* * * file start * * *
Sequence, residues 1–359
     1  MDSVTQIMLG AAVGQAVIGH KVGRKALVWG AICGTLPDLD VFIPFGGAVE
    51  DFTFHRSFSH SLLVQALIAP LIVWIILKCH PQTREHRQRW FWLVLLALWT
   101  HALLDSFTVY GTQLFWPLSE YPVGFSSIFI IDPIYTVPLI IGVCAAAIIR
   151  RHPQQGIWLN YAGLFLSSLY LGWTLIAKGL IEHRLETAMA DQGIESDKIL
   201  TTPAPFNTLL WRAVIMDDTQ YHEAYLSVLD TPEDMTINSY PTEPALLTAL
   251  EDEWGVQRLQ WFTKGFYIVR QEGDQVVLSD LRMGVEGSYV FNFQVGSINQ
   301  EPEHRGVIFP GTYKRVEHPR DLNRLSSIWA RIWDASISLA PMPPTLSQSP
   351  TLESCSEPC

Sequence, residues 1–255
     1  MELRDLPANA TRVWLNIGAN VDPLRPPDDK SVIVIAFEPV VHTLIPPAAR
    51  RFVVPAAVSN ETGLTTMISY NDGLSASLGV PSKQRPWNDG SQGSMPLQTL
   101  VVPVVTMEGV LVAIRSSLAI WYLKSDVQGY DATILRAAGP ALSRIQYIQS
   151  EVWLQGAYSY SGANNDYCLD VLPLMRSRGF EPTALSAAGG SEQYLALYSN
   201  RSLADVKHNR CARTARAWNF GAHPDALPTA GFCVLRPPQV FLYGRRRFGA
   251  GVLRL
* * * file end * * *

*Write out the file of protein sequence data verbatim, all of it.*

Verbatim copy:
Sequence, residues 1–359
     1  MDSVTQIMLG AAVGQAVIGH KVGRKALVWG AICGTLPDLD VFIPFGGAVE
    51  DFTFHRSFSH SLLVQALIAP LIVWIILKCH PQTREHRQRW FWLVLLALWT
   101  HALLDSFTVY GTQLFWPLSE YPVGFSSIFI IDPIYTVPLI IGVCAAAIIR
   151  RHPQQGIWLN YAGLFLSSLY LGWTLIAKGL IEHRLETAMA DQGIESDKIL
   201  TTPAPFNTLL WRAVIMDDTQ YHEAYLSVLD TPEDMTINSY PTEPALLTAL
   251  EDEWGVQRLQ WFTKGFYIVR QEGDQVVLSD LRMGVEGSYV FNFQVGSINQ
   301  EPEHRGVIFP GTYKRVEHPR DLNRLSSIWA RIWDASISLA PMPPTLSQSP
   351  TLESCSEPC

Sequence, residues 1–255
     1  MELRDLPANA TRVWLNIGAN VDPLRPPDDK SVIVIAFEPV VHTLIPPAAR
    51  RFVVPAAVSN ETGLTTMISY NDGLSASLGV PSKQRPWNDG SQGSMPLQTL
   101  VVPVVTMEGV LVAIRSSLAI WYLKSDVQGY DATILRAAGP ALSRIQYIQS
   151  EVWLQGAYSY SGANNDYCLD VLPLMRSRGF EPTALSAAGG SEQYLALYSN
   201  RSLADVKHNR CARTARAWNF GAHPDALPTA GFCVLRPPQV FLYGRRRFGA
   251  GVLRL